The Air and Space Museum
The Air and Space Museum in Washington, D.C. is dedicated to flight both within and beyond the earth’s atmosphere and is a treat for anyone who is passionate about air and space. Exhibits include everything from the Mercury Capsule 15B, Freedom 7 II, to the Manned Maneuvering Unit, to the space shuttle Discovery and much more. Anyone in the D.C. area who likes flight cannot miss this museum.
If you are not near one of these museums celebrate with us and read Meet the Planets or Solar System Forecast!
It may be summer, but learning doesn’t have to go on hiatus. There are all sorts of fun and educational opportunities for kids on vacation or even in their own hometowns. Here is a list of museum exhibits, most of them only temporary, that could grab your child’s attention and teach them more about the world.
It seems like everywhere these days we’re hearing about melting ice caps and global warming. A new exhibition at the Museum of Modern Art in New York aims to teach visitors about climate change by showing physical melting glaciers. The glacier chunks have been frozen for about 800 years and broke off from an actively melting glacier in Europe. This exhibit will be open at MoMA PS1 in Queens until Sept. 2.
Build Your Own ‘Bot
Have you ever watched R2D2 roll around and beep in the Star Wars movies and wished you could build your own droid? The Tech Museum of Innovation in San Jose, CA has a new exhibit in which kids can create their very own robot. Visitors design, build, and program original robots using the technologies at the exhibit.
America is hooked on cop shows, and at some point, every kid has wanted to be a cop or detective. Now you can at Fort Worth Museum of Science and History in Texas. Their new exhibit CSI: The Experience allows visitors to solve crimes just like the characters on CSI, doing everything from collecting evidence to conducting autopsies. The exhibit is open through Sept. 2.
What About Whales?
The Children’s Museum and Theatre of Maine in Portland has an entire exhibit dedicated to a sea creature that will capture the hearts of any child who visits. What About Whales? is an interactive exhibit which educates children about whales by letting them climb in and out of an inflatable life-size humpback whale. Other activities include a whale-watching boat, a Feed a Whale ballgame, and much more.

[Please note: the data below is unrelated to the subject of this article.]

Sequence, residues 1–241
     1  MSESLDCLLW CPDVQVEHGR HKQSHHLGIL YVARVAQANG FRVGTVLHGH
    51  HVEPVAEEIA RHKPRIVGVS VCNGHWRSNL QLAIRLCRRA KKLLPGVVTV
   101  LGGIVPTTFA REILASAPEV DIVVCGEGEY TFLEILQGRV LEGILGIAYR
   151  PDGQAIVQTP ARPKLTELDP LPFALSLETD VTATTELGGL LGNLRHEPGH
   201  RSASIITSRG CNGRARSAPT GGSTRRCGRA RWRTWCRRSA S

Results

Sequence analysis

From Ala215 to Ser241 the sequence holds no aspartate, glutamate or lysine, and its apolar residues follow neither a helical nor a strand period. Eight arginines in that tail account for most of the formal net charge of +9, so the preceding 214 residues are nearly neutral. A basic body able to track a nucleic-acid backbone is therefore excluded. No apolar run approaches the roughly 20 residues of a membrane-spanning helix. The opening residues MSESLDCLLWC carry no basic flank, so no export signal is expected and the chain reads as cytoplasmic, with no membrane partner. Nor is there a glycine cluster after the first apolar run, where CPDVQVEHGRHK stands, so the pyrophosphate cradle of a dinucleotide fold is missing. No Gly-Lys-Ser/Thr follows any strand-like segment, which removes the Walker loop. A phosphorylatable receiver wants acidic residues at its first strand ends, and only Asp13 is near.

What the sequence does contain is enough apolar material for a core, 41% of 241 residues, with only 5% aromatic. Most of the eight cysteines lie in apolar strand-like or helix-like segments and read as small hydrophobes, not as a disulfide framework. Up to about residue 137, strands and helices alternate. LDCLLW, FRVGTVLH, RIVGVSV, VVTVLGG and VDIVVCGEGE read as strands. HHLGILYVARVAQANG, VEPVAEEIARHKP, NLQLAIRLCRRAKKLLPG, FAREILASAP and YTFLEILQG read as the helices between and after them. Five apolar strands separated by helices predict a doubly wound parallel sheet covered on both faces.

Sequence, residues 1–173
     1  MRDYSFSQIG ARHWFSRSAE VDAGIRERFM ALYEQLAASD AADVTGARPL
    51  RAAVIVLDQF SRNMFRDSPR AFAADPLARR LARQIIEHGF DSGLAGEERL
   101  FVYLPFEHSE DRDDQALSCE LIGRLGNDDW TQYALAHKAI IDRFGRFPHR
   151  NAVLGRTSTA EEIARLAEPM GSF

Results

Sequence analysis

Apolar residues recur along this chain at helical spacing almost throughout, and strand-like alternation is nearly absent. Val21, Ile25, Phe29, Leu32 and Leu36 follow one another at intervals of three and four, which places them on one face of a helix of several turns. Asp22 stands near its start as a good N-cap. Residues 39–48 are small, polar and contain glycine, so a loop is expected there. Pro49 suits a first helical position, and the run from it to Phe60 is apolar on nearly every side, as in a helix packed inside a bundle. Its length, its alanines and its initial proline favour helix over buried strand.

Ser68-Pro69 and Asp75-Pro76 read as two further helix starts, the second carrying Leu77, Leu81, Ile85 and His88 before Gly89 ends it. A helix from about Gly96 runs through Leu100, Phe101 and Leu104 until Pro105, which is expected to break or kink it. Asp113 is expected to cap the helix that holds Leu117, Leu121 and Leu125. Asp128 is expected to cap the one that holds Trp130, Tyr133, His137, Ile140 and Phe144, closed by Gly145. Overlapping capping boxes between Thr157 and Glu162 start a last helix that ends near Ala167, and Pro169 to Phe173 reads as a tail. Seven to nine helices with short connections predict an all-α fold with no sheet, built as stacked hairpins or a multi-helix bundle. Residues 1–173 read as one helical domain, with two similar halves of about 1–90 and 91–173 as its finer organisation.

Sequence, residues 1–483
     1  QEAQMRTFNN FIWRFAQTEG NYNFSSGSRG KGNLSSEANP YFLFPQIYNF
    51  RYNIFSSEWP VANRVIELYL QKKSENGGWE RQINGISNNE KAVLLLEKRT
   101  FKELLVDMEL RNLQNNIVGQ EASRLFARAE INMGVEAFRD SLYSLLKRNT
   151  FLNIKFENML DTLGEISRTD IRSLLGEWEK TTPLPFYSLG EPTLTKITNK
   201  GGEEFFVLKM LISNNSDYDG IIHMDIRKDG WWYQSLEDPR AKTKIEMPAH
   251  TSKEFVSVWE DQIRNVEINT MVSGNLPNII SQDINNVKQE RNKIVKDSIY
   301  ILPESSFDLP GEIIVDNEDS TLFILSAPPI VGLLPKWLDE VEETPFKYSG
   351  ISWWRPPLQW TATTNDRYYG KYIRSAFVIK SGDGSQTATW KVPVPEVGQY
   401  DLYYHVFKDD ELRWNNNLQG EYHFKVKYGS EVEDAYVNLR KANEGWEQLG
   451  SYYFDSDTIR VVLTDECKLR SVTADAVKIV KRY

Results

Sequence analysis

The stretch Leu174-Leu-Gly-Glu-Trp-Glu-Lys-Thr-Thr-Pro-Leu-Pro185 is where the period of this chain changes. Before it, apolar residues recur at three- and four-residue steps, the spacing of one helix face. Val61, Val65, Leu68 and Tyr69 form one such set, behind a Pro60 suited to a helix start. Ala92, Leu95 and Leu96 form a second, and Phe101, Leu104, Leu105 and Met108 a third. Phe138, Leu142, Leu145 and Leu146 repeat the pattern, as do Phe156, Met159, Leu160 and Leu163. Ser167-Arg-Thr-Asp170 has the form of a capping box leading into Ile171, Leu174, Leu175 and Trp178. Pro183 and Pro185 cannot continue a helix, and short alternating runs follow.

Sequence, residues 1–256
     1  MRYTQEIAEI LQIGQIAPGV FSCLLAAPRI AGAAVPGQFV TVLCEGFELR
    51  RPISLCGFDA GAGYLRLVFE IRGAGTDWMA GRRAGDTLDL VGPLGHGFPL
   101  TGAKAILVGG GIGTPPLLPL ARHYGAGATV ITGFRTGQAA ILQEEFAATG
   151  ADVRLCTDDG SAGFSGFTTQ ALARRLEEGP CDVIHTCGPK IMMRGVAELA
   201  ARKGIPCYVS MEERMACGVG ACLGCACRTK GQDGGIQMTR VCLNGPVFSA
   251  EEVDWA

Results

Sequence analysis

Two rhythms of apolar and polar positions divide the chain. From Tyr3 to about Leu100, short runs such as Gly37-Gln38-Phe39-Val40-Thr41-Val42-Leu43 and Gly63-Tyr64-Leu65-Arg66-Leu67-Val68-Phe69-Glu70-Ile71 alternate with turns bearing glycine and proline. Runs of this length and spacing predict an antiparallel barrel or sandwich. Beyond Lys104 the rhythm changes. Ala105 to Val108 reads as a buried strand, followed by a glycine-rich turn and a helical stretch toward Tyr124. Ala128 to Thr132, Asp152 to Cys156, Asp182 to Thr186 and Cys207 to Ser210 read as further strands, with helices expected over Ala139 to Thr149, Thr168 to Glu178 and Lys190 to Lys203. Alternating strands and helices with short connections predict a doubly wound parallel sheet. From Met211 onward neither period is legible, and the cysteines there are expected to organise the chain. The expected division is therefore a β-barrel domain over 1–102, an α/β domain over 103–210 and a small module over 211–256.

The Discovery Center Museum in Rockford, IL has an exhibit for any kid who has ever wanted to hunt for treasure, whether as a pirate from the 1600s or a modern-day treasure hunter. The Treasure! exhibit allows visitors to try treasure hunting tools, view artifacts from treasure sites, and learn about the history of and people involved in treasure hunting.
For those of you in the New York area, be sure to check out the Museum of Modern Art’s “Rain Room.” Located in the lot directly adjacent to MoMA, the Rain Room uses digital technology to make it rain except wherever it detects human presence. Visitors can stand in one spot and remain dry while they watch the rain fall all around them. The Rain Room is on exhibit until Jul. 28.
Whether you check out these exhibits or a museum closer to home there is so much to be explored!
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At Sylvan Dell, we have found it hard to keep focused with all the exciting holiday festivities on the horizon. Whether you are 60 or just 6, July 4th is a holiday easily celebrated by the entire family. There are some timeless traditions that, in our opinion, just cannot be forgotten! These include: the annual summer cookout, flying the American flag, spending time with friends and family (preferably by the pool, lake, or ocean), going to a fireworks show or July 4th parade in the nearest town, and of course, Cooking/Crafting/Wearing the color array of red, white, and blue.